I really don’t know everything.

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Can I tell you I learn every year the importance of being authentic with your students. True to yourself. Some may call it vulnerable. I know there are teachers who have taught for years in the don’t smile till December mode and that is great. I don’t judge them. Teaching like parenting for me is don’t judge it because we are all in the trenches trying to figure out what works for us.

But for me it is to be truly, authentically myself. That means if I feel silly that day and I sing and dance in front of the class I will. That also means I have grumpy days, my feelings get hurt and I don’t feel well and above all education for me is a gateway to who I am and truly long to be. It always has been and always will be.

In my speech class I model a lot. I don’t mean my latest clothing styles. I mean I publicly speak. I purposefully place myself into situations where I also become the student. This is my third year teaching dual credit speech and it was to be my third year modeling the same advocacy speech about TN. And yes much advocating needs to be done where TN is concerned…but my speech was tired and easy. Guess what…that isn’t modeling if you are comfortable. I changed it to a completely different topic and that was advocating for taking care of our Hoosier teenagers. I made it relevant by connecting it the Semi-colon Project.

However, I advocated that we wouldn’t have to talk about suicide, poverty and mental illness near as much if we [Adults] found better ways to listen and support our youth. I identified the issues as I see them in my home, my classroom and in relation to my own teen years.  For this speech building up your ethos is paramount and the must have part of the speech. Speak what you know so to speak.

And in my world I know it means a lot when my voice shakes, my eyes go to the floor, a lump in my throat appears. I have two sections this semester and I delivered it to one and I nearly had a panic attack. I started the speech and stopped and admitted in front of them I was so nervous. What a great learning moment that was for all of us. They begin reminding me of nerve lessening methods. I started and stopped a few times and each time was met with so much support. I took their criticism and admitted I would have given my own speech a D. Not an F because I got up there and did it and made it through. But a D. A you didn’t get it at all, but you tried grade.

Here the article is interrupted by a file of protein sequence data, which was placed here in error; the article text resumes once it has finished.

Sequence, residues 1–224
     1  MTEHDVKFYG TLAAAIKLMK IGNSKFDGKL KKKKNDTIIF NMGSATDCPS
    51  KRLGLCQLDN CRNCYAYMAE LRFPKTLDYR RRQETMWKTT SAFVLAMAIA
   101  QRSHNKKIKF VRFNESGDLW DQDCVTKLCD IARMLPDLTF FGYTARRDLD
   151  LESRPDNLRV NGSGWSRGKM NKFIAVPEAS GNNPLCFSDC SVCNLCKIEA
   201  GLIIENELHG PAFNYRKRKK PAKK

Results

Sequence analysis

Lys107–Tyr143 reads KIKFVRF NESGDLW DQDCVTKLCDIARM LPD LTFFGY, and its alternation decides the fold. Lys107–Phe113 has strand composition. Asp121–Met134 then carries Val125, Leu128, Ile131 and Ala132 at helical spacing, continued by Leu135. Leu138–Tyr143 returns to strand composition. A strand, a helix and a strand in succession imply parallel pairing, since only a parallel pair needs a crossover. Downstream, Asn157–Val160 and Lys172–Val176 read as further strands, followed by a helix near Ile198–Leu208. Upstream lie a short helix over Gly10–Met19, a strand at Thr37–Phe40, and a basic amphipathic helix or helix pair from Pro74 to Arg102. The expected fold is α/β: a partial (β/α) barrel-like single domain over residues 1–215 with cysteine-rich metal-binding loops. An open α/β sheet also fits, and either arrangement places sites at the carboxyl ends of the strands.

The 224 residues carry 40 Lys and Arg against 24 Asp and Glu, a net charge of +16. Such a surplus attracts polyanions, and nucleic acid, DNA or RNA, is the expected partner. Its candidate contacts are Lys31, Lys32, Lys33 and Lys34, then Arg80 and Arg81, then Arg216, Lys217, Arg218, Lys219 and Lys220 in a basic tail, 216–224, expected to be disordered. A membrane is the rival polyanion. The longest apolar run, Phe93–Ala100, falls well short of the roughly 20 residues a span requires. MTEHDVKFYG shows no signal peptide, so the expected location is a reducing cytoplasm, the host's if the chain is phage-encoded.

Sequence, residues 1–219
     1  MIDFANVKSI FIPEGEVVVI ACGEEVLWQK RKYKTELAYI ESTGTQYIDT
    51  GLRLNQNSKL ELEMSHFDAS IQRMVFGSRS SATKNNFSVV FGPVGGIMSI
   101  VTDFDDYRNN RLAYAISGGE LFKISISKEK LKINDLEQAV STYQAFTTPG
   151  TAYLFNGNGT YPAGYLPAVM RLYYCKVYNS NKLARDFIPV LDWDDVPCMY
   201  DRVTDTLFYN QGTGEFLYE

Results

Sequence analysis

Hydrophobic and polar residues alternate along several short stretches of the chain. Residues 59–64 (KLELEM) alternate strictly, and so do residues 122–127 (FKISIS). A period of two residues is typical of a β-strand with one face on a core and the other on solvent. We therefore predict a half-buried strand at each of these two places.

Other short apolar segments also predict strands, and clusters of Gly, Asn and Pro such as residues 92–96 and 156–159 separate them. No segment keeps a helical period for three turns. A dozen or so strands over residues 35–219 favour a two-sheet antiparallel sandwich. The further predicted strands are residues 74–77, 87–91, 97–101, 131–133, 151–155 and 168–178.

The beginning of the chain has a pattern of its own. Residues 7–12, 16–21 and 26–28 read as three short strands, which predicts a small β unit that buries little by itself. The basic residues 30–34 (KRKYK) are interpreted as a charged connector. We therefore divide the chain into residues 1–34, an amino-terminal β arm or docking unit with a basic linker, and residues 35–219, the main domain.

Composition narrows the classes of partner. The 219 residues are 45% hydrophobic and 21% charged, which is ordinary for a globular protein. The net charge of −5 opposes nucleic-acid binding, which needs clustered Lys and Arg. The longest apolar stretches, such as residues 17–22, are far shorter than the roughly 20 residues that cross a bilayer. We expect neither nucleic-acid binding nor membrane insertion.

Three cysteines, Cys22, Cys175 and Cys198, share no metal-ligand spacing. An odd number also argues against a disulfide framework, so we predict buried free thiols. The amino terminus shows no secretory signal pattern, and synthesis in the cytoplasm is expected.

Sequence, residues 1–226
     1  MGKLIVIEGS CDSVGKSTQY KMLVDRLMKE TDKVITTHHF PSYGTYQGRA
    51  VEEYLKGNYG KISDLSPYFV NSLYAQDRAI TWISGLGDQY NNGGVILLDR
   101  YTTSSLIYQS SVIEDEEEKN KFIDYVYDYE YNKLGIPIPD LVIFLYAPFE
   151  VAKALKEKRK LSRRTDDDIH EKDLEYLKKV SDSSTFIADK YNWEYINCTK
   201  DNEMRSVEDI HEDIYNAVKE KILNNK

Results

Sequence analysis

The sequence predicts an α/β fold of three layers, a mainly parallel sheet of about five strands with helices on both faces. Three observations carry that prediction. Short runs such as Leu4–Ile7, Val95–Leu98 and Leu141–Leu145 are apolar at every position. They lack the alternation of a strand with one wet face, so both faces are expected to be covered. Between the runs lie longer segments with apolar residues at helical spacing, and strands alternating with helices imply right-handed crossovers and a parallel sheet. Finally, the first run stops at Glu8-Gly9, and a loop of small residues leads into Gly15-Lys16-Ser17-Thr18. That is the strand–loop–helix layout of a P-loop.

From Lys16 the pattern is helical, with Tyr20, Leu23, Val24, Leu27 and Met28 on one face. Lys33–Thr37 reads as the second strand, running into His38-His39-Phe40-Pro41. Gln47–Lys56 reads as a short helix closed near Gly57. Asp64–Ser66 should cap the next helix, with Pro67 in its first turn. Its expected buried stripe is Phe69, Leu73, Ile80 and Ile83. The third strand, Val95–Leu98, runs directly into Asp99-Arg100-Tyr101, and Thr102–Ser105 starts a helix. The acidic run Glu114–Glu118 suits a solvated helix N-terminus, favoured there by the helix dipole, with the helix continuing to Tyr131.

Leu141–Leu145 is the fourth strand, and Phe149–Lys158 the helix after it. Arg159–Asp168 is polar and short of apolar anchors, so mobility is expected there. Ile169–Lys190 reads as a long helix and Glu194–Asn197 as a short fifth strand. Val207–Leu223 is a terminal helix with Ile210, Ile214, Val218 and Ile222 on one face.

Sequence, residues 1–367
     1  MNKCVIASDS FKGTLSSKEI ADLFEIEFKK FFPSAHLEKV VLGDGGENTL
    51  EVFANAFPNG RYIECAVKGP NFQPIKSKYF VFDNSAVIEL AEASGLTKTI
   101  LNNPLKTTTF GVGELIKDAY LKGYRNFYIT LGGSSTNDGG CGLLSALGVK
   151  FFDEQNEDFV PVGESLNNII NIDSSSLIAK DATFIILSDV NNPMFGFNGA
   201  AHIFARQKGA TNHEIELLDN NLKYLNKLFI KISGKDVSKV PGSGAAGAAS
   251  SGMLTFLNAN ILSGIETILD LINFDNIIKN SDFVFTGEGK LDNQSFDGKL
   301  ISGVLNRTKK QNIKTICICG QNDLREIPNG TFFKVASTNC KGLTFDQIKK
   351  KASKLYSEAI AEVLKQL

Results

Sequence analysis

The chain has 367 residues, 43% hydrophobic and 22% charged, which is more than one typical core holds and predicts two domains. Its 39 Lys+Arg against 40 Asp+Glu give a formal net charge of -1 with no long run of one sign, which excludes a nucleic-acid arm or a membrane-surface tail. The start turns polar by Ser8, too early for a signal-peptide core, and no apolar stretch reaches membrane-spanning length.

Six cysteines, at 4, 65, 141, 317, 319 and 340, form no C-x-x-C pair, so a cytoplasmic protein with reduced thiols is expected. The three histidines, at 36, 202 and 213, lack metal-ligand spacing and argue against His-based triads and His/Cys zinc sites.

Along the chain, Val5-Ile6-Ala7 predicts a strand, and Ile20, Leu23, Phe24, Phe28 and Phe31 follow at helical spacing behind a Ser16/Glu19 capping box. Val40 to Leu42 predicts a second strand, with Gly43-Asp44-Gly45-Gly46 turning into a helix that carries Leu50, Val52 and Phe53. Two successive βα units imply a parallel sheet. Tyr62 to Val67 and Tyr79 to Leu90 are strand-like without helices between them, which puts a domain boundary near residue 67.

But the way I felt when it was over was gross. I had the icky feeling of teaching things that are too personal. You know like why I can’t and won’t and refuse to ever teach Jane Eyre. This book is so personal and was such a life line to me in a time in my life when I needed a character like Jane Eyre. It is personal because it matters. It MATTERS BIG!!! I had no idea this would be my reaction, but then I realized it was a revelation of my childhood dreams of being a supportive and loving mother, a teacher, a leader in my community and my very reason for standing in front of a classroom full of teenagers. It truly doesn’t get more personal than that. At least not for me. I imagine the feeling I had is akin to one of those don’t smile till December teachers actually smiling in November and thinking, “Aww crap…I lost them. They know I can smile.”

The feeling though scared me out of repeating the speech for my second section. At least until a little more than two weeks later. I needed time and distance and I needed to admit I had a severe shortfall on this speech because I chose something too personal and something that mattered too much. I used it as a teaching moment and talked about why I couldn’t repeat it till that day. It was stigma, the lack of support, the fear of judgement and their own expectations of me. But I like students to see me like they see themselves and that is as a learner.

The second delivery still skirted on the overly raw emotion and a massive case of the stage frights. But they got to witness me manage my speech and I imagine they felt a little more ease at knowing they aren’t alone. And if they didn’t that is okay…What I truly hope they picked up from the speech is it is okay to be who you are even when it is scary.

Because yes I was scared, but guess what I did it and I survived. No tears shed and they know a little more about why I do what I do. And I would easily give myself an A- or B+. So yes my students see me smile. They see me mad. They see me care. They see me cry. In fact, I am quite known for crying when students deliver big on goals I set for them. In fact, I think we were the second week in and a junior whom I had only ever had those two weeks asked me, “Why do you cry so much?” I thought for a minute and quietly said, “Because it matters.”

So yes readers…it matters. The things we do in the world matter even if you aren’t doing it in front of a classroom full of teenagers. Your kids are watching. Your partners are watching. Your friends are watching and your enemies are watching. Show them it matters every single day by being you.

I am okay with not knowing everything and being the student. -MR

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